A security breach at American Medical Collection Agency (AMCA), a provider of billing services for the US healthcare sector, has now exposed the personal and financial information of over 20 million Americans, possibly more.
The exposed data belongs to Americans who paid laboratory work at various clinical and blood testing labs across the US and used AMCA's billing portal.
Hack went undetected for months
The breach, first reported by DataBreaches.net, took place after a hacker group compromised AMCA's IT network and stole payment information, which they later put up for sale on carding forums.
Exposed data included names, home addresses, phone numbers, dates of birth, Social Security numbers, payment card details, and bank account information.
After being confronted about the hack, AMCA officials admitted to the security incident, which they said lasted from August 1, 2018, to March 30, 2019, a period of eight months.
Since officially confirming the breach, several of AMCA's corporate clients (testing labs) have now also started notifying their own customers of their billing partner's security snafu.
The list of impacted testing laboratories includes Quest Diagnostics (11.9 million patients), LabCorp (7.7 million patients), BioReference Laboratories (Opko Health subsidiary, 422,600 patients), Carecentrix (500,000 patients), and Sunrise Laboratories (undisclosed number of patients).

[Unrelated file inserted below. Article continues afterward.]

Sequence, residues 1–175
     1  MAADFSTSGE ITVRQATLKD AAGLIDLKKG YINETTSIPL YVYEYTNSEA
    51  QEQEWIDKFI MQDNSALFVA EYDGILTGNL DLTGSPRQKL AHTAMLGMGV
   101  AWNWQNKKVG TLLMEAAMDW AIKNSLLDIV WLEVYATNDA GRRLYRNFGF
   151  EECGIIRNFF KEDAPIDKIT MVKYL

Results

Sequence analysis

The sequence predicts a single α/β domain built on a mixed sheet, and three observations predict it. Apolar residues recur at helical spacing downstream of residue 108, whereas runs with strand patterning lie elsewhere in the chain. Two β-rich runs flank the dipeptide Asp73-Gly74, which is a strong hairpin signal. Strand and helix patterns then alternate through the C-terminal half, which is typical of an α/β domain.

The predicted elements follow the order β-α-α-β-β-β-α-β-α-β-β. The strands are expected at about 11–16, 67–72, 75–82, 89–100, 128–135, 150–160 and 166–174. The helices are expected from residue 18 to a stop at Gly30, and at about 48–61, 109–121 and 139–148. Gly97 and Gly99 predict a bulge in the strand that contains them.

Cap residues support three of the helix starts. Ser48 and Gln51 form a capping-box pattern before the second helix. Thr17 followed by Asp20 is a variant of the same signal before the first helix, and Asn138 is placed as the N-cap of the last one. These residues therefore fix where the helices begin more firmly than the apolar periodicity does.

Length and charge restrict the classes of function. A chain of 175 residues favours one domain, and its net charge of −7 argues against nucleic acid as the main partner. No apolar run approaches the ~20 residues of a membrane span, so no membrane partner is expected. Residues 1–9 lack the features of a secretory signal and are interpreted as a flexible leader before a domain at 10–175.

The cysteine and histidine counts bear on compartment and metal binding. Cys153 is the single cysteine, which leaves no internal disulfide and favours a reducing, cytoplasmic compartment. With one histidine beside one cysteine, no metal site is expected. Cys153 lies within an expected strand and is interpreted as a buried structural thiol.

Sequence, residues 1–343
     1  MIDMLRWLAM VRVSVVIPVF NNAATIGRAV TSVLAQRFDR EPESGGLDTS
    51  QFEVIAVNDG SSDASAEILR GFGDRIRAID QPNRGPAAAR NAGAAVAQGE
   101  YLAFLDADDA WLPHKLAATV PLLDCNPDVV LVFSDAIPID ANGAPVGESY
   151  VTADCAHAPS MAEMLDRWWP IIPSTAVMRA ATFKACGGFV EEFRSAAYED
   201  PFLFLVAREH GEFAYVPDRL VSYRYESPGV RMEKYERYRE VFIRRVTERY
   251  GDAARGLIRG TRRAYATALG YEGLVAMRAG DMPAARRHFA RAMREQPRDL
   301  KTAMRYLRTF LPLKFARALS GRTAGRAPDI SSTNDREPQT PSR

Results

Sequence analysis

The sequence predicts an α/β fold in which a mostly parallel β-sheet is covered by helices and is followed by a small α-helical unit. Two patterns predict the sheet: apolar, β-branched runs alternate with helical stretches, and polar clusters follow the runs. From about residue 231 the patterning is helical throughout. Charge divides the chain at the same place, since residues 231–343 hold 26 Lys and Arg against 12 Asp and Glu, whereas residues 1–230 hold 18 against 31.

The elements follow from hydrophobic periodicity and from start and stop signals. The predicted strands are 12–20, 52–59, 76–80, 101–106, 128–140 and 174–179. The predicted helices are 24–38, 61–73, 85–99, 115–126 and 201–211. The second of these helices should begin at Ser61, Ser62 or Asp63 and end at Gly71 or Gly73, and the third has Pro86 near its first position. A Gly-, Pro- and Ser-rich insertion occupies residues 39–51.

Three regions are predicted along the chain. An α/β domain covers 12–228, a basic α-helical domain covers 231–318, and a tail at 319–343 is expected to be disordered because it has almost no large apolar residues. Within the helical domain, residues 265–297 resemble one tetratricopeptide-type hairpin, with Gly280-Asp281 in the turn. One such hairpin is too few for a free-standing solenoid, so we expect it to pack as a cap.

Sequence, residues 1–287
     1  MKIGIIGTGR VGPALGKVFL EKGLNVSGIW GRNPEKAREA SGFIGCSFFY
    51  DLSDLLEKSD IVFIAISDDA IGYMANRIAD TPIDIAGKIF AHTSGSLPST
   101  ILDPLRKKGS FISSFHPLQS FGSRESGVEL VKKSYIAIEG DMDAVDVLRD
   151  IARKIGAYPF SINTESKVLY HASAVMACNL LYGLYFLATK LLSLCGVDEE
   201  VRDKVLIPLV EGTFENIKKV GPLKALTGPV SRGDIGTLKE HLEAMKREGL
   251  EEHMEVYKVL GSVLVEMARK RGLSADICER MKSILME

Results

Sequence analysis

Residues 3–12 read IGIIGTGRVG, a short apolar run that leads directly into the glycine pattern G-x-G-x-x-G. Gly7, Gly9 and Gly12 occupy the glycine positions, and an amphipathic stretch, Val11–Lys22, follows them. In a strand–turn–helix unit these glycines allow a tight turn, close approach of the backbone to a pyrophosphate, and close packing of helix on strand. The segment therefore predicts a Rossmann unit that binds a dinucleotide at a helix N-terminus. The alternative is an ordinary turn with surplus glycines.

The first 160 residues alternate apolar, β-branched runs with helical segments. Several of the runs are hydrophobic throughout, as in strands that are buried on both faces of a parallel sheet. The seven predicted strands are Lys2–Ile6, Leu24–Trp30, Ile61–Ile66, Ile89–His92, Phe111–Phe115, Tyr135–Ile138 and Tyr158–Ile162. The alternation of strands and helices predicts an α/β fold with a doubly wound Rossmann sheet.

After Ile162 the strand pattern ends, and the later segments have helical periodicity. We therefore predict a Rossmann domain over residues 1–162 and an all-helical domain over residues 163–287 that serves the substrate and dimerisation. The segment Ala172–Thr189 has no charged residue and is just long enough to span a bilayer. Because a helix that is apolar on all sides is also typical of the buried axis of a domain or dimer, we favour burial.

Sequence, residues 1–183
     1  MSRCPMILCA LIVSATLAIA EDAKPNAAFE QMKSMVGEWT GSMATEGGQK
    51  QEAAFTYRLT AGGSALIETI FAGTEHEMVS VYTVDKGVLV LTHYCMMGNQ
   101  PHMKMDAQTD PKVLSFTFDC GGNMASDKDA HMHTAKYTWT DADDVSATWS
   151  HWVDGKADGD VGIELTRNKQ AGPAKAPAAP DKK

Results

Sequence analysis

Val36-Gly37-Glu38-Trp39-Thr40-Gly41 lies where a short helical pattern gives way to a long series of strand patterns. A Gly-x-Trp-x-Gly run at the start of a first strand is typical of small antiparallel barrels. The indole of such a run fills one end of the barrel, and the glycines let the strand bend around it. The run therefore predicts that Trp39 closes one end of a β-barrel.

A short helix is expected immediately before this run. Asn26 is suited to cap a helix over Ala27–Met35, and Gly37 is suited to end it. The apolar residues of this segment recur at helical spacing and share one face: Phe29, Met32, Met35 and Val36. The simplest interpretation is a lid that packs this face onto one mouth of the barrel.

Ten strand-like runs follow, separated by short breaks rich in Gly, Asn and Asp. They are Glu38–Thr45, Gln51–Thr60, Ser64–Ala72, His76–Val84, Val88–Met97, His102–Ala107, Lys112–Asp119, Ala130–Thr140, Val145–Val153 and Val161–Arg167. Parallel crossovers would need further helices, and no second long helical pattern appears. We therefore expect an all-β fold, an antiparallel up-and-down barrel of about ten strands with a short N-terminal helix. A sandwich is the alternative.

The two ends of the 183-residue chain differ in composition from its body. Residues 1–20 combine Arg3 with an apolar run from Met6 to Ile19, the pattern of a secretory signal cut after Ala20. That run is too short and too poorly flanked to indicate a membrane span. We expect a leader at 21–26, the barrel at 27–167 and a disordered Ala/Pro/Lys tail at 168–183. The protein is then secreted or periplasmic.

Lots of problems ahead
Neither AMCA nor its five customers have yet to notify all users impacted by the breach, which may pose issues for all involved parties. AMCA initially claimed that only 200,000 patients had their data stolen by hackers, but subsequent SEC filings by testing laboratories contradicted its initial statements.
Following the bungled disclosure of these incidents, tens of lawsuits have been filed around the US, against AMCA, Quest, and LabCorp.
US authorities have also opened investigations into the AMCA breach, with attorneys general from Connecticut and Illinois being the first to do so.
In Washington, US Sen. Mark Warner (D-VA) also sent a letter to Quest Laboratories demanding the company explain its vetting process for selecting AMCA as a billing vendor, and what requirements a third-party vendor has to pass.
Democratic New Jersey Sens. Cory Booker and Bob Menendez also sent letters to AMCA, Quest, and LabCorp, seeking official answers on how a breach of this severity went undetected for eight months.
Whatever comes next, it's certainly not good for AMCA, with authorities and the courts expected to come down hard on the billing vendor.
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